As the public outcry against exorbitant ticket prices continues, the Federal Trade Commission (FTC) has stepped in with a new proposed rule banning hidden and “bogus” fees. The rule would require all businesses to disclose upfront the total cost of everything from concert tickets to utility bills.

The proposal comes after consumers have long complained about hidden fees from services like Ticketmaster and StubHub, which obfuscate the total cost of a ticket until the very end of the transaction. By showing a lower price on the initial listing, many websites lure customers in only to reveal the full cost of an item, fees and all, at the very last minute. Additionally, the purpose and function behind many of these fees are often poorly explained, if at all, something the FTC also seeks to remedy.

“All too often, Americans are plagued with unexpected and unnecessary fees they can’t escape. These junk fees now cost Americans tens of billions of dollars per year—money that corporations are extracting from working families just because they can,” FTC Chair Lina M. Khan said. “By hiding the total price, these junk fees make it harder for consumers to shop for the best product or service and punish businesses who are honest upfront. The FTC’s proposed rule to ban junk fees will save people money and time, and make our markets more fair and competitive.”

The proposal states that the new rule would have “enforcement teeth.” The FTC will have the ability to secure funds on behalf of consumers harmed by companies skirting the policy, as well as impose monetary penalties on businesses that do not comply. Some states like New York, which has enacted its own laws mandating what is known as “all-in” upfront ticket pricing, have had trouble enforcing the statutes on ticket brokers, as a Rolling Stone investigation found.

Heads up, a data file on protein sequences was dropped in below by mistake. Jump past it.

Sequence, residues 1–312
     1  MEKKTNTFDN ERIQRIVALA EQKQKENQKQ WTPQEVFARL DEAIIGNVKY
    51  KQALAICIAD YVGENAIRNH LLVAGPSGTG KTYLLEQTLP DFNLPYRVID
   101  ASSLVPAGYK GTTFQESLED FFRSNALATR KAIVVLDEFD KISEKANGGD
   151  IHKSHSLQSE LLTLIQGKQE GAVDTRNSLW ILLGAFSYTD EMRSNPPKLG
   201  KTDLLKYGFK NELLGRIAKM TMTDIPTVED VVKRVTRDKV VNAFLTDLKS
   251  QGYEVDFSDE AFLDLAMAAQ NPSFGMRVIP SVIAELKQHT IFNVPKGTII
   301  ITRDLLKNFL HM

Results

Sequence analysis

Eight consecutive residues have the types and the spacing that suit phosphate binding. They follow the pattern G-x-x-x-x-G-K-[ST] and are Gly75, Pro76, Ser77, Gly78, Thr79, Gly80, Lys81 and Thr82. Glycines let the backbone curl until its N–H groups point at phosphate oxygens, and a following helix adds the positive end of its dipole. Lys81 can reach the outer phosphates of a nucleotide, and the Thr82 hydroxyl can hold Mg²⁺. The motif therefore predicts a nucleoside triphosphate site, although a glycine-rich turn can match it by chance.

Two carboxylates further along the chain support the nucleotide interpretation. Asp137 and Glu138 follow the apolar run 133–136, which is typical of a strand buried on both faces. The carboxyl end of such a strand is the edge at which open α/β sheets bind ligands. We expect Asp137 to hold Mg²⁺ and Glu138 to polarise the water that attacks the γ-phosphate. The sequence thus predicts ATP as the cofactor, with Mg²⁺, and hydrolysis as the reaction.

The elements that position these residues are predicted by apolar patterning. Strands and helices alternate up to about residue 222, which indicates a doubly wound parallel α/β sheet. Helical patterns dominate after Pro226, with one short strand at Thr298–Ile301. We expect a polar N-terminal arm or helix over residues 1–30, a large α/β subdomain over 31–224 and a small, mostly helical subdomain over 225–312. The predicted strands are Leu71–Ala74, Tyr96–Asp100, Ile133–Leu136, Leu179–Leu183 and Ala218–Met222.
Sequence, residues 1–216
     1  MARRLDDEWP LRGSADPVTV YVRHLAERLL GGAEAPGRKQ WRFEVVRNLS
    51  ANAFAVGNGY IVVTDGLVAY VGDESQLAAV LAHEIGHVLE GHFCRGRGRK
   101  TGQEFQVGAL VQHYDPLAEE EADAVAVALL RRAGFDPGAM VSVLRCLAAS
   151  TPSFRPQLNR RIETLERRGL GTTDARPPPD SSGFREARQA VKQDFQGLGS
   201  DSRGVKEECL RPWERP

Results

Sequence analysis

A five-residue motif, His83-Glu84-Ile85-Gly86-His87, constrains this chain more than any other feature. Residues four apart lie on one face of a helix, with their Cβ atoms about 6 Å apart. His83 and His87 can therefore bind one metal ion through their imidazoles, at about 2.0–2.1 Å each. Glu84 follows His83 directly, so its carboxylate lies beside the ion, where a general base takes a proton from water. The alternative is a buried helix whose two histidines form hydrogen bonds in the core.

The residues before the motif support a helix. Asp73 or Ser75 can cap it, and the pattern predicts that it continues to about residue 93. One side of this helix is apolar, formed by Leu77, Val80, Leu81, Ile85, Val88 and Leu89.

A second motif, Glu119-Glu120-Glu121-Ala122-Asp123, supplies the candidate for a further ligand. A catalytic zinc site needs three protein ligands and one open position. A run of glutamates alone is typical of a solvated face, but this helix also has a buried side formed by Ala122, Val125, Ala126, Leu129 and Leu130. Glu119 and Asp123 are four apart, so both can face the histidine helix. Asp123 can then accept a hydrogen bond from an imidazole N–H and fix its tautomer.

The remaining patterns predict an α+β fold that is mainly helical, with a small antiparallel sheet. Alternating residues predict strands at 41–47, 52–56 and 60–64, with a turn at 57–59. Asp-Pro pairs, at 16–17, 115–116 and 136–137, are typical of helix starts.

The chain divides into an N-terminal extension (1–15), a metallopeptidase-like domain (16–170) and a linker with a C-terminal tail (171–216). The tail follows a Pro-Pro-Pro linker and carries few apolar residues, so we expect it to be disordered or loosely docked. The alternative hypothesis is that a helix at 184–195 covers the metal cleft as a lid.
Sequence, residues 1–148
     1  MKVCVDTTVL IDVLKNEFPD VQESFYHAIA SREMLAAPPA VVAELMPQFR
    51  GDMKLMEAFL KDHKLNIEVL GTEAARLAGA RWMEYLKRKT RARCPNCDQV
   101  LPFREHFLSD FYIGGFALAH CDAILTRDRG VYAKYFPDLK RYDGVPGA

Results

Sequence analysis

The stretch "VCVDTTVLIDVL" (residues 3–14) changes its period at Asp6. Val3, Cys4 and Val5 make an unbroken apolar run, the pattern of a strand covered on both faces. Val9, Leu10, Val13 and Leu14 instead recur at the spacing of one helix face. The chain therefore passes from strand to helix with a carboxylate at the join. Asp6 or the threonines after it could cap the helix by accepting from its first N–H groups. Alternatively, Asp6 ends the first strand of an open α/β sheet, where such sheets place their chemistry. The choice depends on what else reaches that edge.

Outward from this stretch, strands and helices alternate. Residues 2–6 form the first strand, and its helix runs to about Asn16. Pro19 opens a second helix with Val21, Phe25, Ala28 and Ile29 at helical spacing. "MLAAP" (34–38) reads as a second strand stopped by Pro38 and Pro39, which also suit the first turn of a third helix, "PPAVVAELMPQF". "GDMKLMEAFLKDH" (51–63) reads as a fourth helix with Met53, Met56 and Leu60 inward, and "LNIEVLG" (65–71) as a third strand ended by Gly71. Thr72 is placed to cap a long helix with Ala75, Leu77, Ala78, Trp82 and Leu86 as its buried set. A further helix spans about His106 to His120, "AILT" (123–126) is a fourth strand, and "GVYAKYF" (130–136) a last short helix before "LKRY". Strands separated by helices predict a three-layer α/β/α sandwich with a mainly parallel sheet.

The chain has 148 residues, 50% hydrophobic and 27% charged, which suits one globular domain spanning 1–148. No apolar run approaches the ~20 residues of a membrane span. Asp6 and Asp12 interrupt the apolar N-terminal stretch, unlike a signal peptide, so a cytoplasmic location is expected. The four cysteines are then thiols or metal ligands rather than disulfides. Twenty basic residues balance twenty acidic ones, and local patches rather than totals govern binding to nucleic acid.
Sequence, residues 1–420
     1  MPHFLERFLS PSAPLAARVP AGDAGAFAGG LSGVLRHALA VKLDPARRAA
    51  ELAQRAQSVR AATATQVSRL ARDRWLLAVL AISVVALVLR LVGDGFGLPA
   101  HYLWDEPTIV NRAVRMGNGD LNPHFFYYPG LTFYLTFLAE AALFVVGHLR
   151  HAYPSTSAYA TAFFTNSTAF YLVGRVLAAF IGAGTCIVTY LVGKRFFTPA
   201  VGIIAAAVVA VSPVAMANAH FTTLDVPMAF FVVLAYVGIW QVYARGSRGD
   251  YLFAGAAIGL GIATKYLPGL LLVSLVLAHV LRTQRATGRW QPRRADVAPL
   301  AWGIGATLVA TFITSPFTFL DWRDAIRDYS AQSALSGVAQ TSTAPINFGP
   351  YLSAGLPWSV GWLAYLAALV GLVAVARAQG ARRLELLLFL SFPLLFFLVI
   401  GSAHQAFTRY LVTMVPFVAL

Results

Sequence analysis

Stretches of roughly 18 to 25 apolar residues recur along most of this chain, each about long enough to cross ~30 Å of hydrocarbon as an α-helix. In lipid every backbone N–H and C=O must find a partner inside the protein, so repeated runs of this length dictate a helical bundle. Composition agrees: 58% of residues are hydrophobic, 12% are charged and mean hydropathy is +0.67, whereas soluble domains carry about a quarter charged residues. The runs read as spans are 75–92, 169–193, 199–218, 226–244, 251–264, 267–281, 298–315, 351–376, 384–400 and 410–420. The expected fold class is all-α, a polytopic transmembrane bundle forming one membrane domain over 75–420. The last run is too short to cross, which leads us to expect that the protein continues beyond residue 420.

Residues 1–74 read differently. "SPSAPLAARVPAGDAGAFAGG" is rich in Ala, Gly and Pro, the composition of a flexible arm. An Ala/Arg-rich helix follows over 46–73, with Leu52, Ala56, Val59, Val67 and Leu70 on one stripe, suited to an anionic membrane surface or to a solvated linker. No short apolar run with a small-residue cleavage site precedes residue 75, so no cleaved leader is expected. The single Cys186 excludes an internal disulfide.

Despite the failures of other initiatives, this latest push from the FTC will have support from the federal level. President Joe Biden has also championed tougher consumer protections limiting “junk fees,” an idea that has also seen bipartisan backing in Congress. Following Biden’s call for industry regulation, representatives from Ticketmaster and SeatGeek allegedly agreed to adopt all-in pricing during a meeting with the President back in June. Despite the promise, industry leaders from both the primary and secondary markets have long stated they will only adopt upfront pricing if it is mandated industry-wide, lest they give competitors who continue to hide their prices an economic edge.

“Accordingly, the proposed rule would prohibit businesses from advertising prices that hide or leave out mandatory fees,” the proposal states, “and … the rule would prohibit sellers from misrepresenting fees and require them to disclose upfront the amount and purpose of the fees and whether they are refundable.”

The FTC drafted this new rule after receiving over 12,000 comments from consumers detailing the economic impact of hidden and bogus fees. According to estimates from the FTC, this new proposal will save consumers more than 50 million hours per year of wasted time spent searching for the full price for tickets and short-term lodging alone. The agency contends that those time savings are equivalent to more than $10 billion over the next decade.

Once the notice has been published in the Federal Register, consumers will be able to submit comments electronically for 60 days. See the full proposal here.